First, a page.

Moore’s prose writing perplexes me, and I have all kinds of theories about it which I hope Jerusalem will adequately test. “Hob’s Hog” is a pretty towering achievement in my view, but like the rest of VotF I see it as still something of a reaction to the comics form, a reaction to the absence of an artist-collaborator in the making of what’s still, essentially, a comics story…and it’s the variety of approaches to this reaction that makes VotF a bit uneven. In a way, VotF reminds me of Daytripper by Moon and Ba: not a dinner but a buffet, a kind of portfolio rather than a fully-formed work: his occasionally-offputting poetical flourishes stand right next to the more terse evocations he’s always accomplished so beautifully, to the point where I wonder if, to him, one’s just another way of doing the other. As though someone who’s always worked just within this one set of art-defining constraints can’t help leaning on them still?

    Yet if all that’s true, “Hob’s Hog” was still a brilliant reaction to the comics form, so I dunno…

  130. Adam Says:

    Oh, I like Hob’s Hog well enough and I generally enjoy Moore’s prose but I also find it VERY frustrating.

    Here’s what I did wrote on the Mindless email

    “Moore is an excellent comic book writer and a very smart guy with a great imagination, a feel for atmosphere, and a very strong storytelling sense. All that stuff elevates his prose above that of many other verbose writers, but it still limits him. He writes as if he’s terrified of letting the reader have any room to breathe – like he’s writing a script. It strikes me as very controlling, and in some ways lacking in confidence. The extra annoying thing is that has it in him to change up his style quite spectacularly when he wants to, meaning that his default mode is almost certainly more of a psychological weakness more than a technical one.”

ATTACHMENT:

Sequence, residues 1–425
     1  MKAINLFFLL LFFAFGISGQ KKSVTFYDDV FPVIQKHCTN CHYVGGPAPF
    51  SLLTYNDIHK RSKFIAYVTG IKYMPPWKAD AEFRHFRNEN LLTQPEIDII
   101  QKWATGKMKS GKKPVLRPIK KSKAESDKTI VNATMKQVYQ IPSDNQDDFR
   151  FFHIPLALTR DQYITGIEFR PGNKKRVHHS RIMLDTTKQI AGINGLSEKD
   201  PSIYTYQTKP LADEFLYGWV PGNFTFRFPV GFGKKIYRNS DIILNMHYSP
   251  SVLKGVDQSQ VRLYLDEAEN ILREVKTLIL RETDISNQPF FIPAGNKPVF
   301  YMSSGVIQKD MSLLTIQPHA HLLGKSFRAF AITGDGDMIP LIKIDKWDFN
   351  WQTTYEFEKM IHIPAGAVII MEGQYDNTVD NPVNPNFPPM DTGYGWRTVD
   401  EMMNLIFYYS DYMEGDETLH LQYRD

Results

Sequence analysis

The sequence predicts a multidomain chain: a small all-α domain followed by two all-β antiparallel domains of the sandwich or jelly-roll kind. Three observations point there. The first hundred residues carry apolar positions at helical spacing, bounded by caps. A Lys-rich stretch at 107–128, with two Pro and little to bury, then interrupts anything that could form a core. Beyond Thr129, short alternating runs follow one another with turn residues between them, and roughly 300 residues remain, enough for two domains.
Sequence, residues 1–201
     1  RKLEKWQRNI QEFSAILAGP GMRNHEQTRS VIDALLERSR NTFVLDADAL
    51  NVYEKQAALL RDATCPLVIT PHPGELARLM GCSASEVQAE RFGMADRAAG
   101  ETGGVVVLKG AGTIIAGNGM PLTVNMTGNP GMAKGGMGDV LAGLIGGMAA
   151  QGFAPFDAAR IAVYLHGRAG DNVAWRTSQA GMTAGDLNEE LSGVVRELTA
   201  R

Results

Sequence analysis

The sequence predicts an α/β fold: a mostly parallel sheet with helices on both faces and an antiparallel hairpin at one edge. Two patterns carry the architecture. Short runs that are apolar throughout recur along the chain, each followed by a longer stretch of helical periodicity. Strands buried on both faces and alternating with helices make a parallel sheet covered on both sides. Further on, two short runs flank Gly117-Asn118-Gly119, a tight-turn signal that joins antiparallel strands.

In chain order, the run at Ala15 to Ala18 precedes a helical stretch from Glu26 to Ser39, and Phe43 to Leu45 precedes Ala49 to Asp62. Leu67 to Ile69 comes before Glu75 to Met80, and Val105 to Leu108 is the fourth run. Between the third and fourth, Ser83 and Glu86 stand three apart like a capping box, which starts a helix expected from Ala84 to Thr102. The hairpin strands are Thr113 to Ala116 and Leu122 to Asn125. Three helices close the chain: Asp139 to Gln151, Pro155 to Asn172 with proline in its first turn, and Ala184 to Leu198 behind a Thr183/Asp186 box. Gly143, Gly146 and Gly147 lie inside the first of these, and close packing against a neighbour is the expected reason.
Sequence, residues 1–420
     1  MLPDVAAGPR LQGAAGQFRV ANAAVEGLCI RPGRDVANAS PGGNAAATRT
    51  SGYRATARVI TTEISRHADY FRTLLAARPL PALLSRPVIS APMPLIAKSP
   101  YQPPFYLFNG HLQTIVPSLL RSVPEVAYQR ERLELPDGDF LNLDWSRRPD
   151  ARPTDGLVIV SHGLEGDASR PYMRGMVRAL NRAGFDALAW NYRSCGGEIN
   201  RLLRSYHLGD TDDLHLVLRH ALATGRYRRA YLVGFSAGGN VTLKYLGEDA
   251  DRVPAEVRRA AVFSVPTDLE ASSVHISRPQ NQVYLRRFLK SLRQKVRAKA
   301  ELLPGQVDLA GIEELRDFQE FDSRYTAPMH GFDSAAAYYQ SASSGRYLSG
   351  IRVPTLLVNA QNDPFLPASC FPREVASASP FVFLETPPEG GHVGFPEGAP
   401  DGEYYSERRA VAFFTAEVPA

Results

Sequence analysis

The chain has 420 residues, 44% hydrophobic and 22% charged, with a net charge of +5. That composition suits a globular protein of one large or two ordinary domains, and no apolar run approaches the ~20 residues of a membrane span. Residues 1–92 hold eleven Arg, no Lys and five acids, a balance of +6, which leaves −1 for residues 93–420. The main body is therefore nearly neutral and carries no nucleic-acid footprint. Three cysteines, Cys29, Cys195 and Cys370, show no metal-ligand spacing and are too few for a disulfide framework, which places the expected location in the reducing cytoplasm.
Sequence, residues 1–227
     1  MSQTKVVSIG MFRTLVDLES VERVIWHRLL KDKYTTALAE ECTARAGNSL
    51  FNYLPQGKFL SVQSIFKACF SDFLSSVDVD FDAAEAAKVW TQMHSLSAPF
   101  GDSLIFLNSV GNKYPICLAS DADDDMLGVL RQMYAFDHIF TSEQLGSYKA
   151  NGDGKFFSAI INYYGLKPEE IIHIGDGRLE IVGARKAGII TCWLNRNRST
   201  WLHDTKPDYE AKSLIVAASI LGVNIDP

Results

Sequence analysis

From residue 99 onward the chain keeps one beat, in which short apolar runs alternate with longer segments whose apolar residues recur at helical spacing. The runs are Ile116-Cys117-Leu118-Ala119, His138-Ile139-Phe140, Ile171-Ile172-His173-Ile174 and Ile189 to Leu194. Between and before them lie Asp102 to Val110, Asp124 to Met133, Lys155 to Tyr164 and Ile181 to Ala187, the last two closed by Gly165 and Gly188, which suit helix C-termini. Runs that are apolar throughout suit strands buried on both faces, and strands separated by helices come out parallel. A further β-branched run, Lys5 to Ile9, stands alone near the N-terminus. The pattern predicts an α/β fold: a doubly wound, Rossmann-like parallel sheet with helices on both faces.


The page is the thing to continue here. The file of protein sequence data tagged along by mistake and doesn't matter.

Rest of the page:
131. Steve Peterson Rides Again! Says:

    Hi Guys.

    Heard you were wondering if Hary Potter is magic or not. Well I know someone who worked on it and it definitely ISN’T. It’s practically all special effects.

  132. plok Says:

    Oh, I’d agree with all of that! And I’m tempted to think HH succeeds so well because it’s a special case of it: it may not be verbose description that does it (ha, it’s the opposite!) but the air’s phenomenally clogged, and when you finally get some space to breathe it’s a near-tangible relief. So, it makes a virtue — a genuinely novelistic virtue! — of that stuff, I think, but some of the other chapters don’t manage the same trick, or at least don’t manage it so consistently. You still get some remarkably striking images, of course: a hand dragged through the water, etc. But yeah, there is a tendency to feel like you’re reading a script?

    I’m really curious about how he’s developed his prose style through the writing of Jerusalem. Most comics writers who turn novelist always cast a weird double shadow, never do much changing-out of their habits, and for me it’s always a patchwork quilt: look, there he’s writing prose, look, there he’s writing comics. Sometimes I even wish they’d put more comics in the prose! But I suspect Moore may be interested in changing his spots a bit more than that…